‘She’s not some wild animal,’ Yvane said softly. ‘Nor a prisoner, as far as I recall.’

‘Maybe not, but we’ve paid a high price to bring her here. If we lose her, that price was for nothing. She’s tried to slip away once already.’

Yvane hunched forward a little to brush straw and dirt from her hide dress. She gave the task more attention than it merited.

‘What?’ asked Orisian.

‘You’re wounded,’ the na’kyrim muttered.

Orisian put a hand to the side of his face, tracing the great welt that ran up his cheek, feeling the yielding gap left by lost teeth. That was not what she meant, though. He knew the shape of her concerns, and it had nothing to do with the punishment his body had taken.

‘Some wounds grow thick scars,’ she said. ‘Enough wounds, enough scars, and you can hardly recognise the one who bears them. Ends up being someone completely different.’

Orisian grimaced and stared down at the flagstone floor. He did not want to hear this. It achieved nothing, ploughing over and over the same small field of Yvane’s preoccupations.

‘When I first met you …’ the na’kyrim began.

‘When you first met me, all of this had only just started. I hadn’t seen then what I’ve seen now.’

Yvane sniffed and rubbed at her nose with the back of a grubby finger.

‘None of us had, I don’t suppose,’ she said. ‘I could see why Inurian had taken to you, back then. I could see a little something of what he must have seen in you. He always prized gentleness, thoughtfulness. Compassion.’

‘There are other things I need – we need – more now.’

‘Are there? You think Inurian would agree, if he was still here? You think he would find you as worthy of his affection now as he did …’

‘Don’t,’ Orisian snapped. He glared at her, and met those impassive, piercing eyes with a resilience he would once have thought impossible. He had much deeper reserves of anger to draw upon now, and it could armour him against even Yvane’s fierce gaze.

She smiled, a gesture that started sad and became something much darker and colder before it faded away. She looked down at K’rina.

‘None of us had any idea how far all of this would go,’ she muttered. ‘Except perhaps Inurian. He looked into Aeglyss’ heart back then and saw the poison in it.’

‘We’ve got a prisoner. He talks of Aeglyss as a leader. A ruler, almost, in Kan Avor. As if they all follow him now.’

‘Oh?’ Yvane sounded barely interested.

‘It makes K’rina more important.’

‘As what? A club to beat Aeglyss with?’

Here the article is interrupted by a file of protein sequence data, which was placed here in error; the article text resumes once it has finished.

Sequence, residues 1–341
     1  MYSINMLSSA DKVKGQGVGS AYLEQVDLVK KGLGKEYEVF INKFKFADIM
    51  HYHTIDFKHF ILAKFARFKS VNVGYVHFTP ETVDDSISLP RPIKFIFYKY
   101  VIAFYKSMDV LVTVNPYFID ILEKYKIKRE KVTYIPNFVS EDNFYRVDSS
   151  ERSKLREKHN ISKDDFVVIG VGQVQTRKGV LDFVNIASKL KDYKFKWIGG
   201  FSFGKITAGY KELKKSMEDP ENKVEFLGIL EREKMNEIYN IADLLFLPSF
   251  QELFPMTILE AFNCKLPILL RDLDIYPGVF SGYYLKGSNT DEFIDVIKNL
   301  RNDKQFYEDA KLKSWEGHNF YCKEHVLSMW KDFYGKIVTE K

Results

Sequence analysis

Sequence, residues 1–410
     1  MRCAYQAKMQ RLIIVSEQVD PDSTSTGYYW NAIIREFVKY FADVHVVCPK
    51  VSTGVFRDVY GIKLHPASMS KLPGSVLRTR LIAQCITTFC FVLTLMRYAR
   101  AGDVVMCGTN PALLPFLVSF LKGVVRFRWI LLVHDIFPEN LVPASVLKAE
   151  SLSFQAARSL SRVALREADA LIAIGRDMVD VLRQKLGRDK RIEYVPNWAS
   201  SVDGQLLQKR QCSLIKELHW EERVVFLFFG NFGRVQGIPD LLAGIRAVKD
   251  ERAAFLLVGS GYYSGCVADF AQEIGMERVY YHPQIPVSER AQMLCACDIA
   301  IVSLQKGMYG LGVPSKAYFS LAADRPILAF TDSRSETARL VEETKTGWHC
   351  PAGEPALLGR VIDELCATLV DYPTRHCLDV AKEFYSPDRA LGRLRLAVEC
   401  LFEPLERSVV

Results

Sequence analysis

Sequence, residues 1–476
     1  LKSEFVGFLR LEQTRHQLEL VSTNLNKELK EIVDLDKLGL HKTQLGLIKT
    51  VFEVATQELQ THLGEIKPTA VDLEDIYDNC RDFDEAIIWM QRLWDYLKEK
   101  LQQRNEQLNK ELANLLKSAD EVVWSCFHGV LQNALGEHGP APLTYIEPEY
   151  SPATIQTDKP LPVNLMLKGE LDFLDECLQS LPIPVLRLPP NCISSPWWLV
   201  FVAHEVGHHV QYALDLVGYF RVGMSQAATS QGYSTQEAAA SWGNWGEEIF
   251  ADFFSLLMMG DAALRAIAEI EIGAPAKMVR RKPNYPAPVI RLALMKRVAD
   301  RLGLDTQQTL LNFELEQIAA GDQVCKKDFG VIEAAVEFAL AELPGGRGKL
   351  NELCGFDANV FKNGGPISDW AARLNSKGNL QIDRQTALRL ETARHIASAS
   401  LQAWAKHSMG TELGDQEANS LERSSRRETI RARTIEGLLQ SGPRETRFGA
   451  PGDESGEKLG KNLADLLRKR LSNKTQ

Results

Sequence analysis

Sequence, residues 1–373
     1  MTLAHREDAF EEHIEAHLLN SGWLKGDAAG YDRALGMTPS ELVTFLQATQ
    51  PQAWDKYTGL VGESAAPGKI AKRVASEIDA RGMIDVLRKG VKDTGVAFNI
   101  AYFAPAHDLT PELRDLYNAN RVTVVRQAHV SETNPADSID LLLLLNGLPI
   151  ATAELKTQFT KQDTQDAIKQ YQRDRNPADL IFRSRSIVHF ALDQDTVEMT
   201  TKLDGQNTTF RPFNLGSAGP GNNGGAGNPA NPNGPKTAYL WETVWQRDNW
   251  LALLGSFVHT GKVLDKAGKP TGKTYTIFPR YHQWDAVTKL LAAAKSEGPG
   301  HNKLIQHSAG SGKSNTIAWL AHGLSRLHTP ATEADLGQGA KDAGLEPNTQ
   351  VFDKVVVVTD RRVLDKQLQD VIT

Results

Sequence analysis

‘Or a key in a lock,’ Orisian said, exasperated. ‘I don’t know. Something. It was you and Eshenna who told me she mattered in the first place. I didn’t want to find her like this. None of us did. But now we know the White Owls – Aeglyss – were seeking her. We can see that something, whatever it is, has been done to her. She’s important. Don’t blame me for wanting to understand how, and why. For wanting to know that there was a reason for my warriors to die finding her.’

Yvane held out a placatory hand. ‘We’ll disturb her,’ she said, with a glance down at the prostrate woman in the straw. She bent and picked up the little candle. The flame died between her finger and thumb. For a moment there was only darkness and the wind rattling the roof shingles. ‘Let’s go back to the house,’ Yvane said.

They barred the door of the shed behind them.

‘I need to know, Yvane,’ Orisian said as they walked. ‘We all do. There’s no time left to be gentle, or cautious. Things are falling apart. If K’rina is to mean anything …’

‘Mean anything?’ Yvane snapped, coming to a sudden halt and jabbing Orisian in the chest. ‘She means as much as I do. Or you. That is precisely what she means. Or do you think a mere halfbreed must work harder than that to have meaning?’

‘You know that’s not—’ Orisian protested.

‘Something’s been done to her,’ Yvane rushed on, uninterested in anything he might have to say. ‘That’s what you said. Well, she didn’t do it to herself. The Anain have scraped out her mind, as best we can tell. As if she was nothing, as if whatever thoughts and feelings were in there before mattered not at all. She’s a victim in all of this, as surely as anyone is. As surely as Inurian was, or Cerys or any of the others at Highfast.’

She hung her head. The two of them stood there in the dark yard, the wind rumbling overhead.

‘Nevertheless,’ murmured Orisian.

‘Nevertheless,’ said Yvane dully. ‘There’s always a nevertheless. But not tonight. Tonight, I’m going to try to sleep.’ She turned and walked away from him, towards the pale flame of a candle burning in the window of the house.


Orisian stalked back to his bedchamber with a familiar, imprecise anger churning in him. It was always there, always ready to fill any spaces in his thoughts if given the chance. Yvane would say it was the wake Aeglyss left as he moved through the Shared, discolouring everything – every mind – it washed up against. Orisian did not know. It felt like his own thing, crafted from his own experience, but he did not doubt that such a sense might be deceptive. It hardly mattered. It was there, in his heart and his mind, and he must deal with it, whatever its source.

Before taking to his bed he looked down on the orchard once more. The fire was still burning, a little beacon beneath the creaking and swaying apple trees. There was no sign of Ess’yr and Varryn. They had probably retired to the shelters they had made for themselves.

He laid himself out on the mattress and closed his eyes. He no longer expected any night to bring easy rest, for they were always full of frightening dreams and sudden wakings. Still, he could hope.